Although Christmas is a relatively recent import into Japan, the giving and receiving of gifts has always been a big part of life here. Besides many formal and informal traditions of exchanging gifts, there are two big gift-giving periods, ochugen in August and oseibo in December, when families will give special pre-packaged gift sets such as canned coffee, laundry detergent, soy sauce, salad oil and sake to people who have helped them in some way. These pre-made gift sets are a big industry, and sales of gift items are watched by economists as a bellwether for Japan's domestic economy at large. The custom of giving gifts applies to companies, too, and every year J-List exchanges gifts with companies like Nitroplus and Will (makers of the PC dating-sim games we sell) as well as the various distributors we work with. It's always fun to see what gifts the other companies send, and I always love Hokkaido-based Crowd's the best -- this year we they sent fresh ikura (salmon roe). Incidentally, J-List has a page of anime and gift snack sets, including boxed gifts suitable for giving to others -- click here to browse these fun items.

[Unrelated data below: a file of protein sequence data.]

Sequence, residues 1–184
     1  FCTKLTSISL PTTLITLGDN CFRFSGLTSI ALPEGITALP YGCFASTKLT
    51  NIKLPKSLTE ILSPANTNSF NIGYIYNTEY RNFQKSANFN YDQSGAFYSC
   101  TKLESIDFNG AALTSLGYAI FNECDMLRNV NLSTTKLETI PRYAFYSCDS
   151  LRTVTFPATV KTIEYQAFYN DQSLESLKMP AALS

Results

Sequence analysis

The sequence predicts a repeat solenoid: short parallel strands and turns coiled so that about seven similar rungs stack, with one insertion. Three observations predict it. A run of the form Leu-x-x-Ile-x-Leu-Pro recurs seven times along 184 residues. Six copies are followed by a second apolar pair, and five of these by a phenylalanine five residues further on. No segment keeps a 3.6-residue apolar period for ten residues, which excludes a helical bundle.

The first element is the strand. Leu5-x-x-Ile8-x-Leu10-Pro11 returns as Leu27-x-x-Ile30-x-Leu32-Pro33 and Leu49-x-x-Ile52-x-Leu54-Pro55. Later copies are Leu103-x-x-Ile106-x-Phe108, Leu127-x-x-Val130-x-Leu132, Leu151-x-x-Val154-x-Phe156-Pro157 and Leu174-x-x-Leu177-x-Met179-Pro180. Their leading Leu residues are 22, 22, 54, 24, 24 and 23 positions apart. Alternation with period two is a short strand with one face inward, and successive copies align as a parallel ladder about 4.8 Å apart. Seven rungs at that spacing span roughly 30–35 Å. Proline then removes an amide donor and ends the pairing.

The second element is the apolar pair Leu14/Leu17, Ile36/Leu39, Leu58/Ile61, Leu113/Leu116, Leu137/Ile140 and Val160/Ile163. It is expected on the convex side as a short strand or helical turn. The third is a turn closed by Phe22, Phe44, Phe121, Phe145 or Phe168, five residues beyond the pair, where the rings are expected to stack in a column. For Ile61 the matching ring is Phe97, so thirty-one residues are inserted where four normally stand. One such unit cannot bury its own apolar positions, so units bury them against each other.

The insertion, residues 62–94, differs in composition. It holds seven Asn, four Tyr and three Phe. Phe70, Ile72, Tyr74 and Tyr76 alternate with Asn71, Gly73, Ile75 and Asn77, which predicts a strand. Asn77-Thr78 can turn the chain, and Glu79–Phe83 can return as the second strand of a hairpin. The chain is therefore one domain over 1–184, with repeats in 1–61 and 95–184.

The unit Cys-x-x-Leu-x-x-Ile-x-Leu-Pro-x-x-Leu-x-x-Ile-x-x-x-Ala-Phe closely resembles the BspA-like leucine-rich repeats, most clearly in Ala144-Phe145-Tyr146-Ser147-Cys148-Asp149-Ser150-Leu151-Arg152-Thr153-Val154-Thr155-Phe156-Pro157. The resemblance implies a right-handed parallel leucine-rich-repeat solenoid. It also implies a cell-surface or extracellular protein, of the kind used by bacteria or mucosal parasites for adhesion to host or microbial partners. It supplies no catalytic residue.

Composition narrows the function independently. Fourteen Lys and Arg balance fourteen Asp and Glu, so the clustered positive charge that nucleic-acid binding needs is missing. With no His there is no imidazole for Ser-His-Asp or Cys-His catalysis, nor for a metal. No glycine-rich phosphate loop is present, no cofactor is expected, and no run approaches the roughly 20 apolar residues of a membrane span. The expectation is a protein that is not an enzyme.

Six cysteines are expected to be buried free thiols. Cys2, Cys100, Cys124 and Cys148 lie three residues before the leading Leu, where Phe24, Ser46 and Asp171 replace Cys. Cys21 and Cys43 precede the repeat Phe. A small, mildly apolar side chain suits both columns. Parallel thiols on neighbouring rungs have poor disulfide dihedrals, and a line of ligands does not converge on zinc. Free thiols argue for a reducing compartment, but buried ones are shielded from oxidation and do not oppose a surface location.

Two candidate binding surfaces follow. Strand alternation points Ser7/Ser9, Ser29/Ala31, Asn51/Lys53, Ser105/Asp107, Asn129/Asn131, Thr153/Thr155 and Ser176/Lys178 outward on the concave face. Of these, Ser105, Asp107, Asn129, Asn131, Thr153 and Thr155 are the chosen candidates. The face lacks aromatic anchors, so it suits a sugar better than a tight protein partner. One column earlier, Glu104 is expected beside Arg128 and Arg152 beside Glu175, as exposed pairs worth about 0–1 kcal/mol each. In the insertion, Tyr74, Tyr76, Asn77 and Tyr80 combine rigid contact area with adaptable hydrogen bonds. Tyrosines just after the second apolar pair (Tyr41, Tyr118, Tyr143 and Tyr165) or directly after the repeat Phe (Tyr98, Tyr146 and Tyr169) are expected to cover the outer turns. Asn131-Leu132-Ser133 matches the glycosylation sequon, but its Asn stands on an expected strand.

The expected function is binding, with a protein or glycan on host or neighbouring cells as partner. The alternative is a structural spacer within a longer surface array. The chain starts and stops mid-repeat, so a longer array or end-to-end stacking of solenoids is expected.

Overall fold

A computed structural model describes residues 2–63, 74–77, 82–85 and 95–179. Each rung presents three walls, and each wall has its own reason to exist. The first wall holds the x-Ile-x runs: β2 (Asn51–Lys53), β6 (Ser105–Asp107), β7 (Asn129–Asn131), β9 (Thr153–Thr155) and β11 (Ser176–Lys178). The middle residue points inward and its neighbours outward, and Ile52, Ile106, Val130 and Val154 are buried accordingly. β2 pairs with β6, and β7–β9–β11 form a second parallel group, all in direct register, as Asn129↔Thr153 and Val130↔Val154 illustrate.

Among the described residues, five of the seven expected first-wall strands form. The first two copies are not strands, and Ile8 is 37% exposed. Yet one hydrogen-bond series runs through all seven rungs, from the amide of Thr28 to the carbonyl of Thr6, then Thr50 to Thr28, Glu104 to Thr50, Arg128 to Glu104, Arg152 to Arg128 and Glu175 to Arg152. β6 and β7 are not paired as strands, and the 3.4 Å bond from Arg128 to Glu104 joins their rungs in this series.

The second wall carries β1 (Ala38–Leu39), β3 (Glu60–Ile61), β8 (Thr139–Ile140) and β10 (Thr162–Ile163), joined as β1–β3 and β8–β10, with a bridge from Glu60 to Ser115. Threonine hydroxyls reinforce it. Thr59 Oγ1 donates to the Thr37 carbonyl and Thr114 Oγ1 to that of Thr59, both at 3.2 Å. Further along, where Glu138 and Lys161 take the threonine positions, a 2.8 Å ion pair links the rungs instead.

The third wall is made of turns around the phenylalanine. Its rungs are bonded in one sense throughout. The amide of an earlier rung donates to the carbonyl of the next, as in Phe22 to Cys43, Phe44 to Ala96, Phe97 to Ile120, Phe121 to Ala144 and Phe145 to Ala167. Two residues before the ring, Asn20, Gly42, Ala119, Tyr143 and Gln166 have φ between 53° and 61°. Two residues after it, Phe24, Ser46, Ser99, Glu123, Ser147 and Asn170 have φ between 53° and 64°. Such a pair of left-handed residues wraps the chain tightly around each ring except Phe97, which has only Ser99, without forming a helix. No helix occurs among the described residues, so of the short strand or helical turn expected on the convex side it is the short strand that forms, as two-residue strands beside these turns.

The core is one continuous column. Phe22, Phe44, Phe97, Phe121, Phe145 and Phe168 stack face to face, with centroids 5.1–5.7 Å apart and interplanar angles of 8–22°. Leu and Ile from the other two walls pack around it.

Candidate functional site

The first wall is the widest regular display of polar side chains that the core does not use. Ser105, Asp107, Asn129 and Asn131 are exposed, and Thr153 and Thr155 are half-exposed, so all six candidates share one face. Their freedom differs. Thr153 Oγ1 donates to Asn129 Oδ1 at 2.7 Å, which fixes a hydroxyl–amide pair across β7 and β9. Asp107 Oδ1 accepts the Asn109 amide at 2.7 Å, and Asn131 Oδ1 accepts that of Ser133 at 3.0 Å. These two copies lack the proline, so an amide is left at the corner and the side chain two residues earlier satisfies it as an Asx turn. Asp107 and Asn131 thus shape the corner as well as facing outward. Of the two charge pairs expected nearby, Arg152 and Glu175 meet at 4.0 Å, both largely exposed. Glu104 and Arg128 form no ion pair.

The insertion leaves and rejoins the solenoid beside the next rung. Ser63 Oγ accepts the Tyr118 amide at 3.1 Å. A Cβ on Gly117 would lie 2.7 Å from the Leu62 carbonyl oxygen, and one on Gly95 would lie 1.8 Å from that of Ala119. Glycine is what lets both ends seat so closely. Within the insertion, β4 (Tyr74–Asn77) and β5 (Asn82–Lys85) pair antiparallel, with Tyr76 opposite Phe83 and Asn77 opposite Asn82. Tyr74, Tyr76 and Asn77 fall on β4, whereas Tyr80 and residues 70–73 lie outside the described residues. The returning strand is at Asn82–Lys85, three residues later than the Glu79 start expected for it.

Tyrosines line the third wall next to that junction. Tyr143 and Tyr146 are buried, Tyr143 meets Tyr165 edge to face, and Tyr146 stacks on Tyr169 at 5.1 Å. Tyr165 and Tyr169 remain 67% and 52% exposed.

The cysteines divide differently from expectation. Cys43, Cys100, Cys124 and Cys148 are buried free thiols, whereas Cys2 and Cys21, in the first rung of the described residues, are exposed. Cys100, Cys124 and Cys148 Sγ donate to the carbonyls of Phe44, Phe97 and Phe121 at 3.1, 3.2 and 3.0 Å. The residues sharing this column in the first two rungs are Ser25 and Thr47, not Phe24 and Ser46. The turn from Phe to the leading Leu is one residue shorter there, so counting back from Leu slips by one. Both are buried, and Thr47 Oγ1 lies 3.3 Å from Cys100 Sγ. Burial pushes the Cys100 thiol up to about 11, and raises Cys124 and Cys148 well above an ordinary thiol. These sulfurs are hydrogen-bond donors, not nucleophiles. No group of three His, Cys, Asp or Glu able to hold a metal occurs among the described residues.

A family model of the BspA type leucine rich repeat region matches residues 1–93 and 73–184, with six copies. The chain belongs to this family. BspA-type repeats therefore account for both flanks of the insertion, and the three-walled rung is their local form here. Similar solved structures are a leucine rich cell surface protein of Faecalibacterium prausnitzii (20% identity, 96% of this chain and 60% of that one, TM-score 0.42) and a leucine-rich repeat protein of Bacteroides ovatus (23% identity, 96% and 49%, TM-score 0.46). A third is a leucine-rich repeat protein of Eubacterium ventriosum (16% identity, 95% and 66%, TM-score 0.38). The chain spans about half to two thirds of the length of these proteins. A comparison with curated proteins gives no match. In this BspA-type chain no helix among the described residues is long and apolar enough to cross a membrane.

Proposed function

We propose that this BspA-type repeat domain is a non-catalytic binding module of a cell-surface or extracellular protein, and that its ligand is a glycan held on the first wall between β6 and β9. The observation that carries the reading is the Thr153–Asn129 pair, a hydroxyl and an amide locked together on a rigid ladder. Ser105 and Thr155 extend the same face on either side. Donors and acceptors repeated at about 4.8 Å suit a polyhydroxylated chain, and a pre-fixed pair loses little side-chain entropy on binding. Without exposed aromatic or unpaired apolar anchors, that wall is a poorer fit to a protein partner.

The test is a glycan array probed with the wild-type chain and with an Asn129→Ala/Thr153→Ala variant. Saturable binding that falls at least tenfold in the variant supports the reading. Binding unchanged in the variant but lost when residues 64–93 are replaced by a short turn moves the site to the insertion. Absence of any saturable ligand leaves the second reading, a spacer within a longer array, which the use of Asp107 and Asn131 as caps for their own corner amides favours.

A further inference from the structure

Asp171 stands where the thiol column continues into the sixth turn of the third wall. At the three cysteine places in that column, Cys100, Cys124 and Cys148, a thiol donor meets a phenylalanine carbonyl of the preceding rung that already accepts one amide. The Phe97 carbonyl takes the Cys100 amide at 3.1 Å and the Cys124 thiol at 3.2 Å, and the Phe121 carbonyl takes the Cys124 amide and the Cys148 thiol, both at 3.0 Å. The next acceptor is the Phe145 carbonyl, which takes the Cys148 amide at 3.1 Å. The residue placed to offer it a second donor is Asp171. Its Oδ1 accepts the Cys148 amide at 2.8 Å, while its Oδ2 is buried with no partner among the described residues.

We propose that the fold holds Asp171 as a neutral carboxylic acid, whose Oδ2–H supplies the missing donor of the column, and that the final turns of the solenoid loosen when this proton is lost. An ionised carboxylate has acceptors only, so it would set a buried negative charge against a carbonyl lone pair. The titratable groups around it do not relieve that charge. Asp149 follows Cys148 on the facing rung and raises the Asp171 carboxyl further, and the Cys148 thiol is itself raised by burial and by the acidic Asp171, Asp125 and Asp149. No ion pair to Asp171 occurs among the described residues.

Gift like oseibo have a larger cultural footprint than Christmas gifts.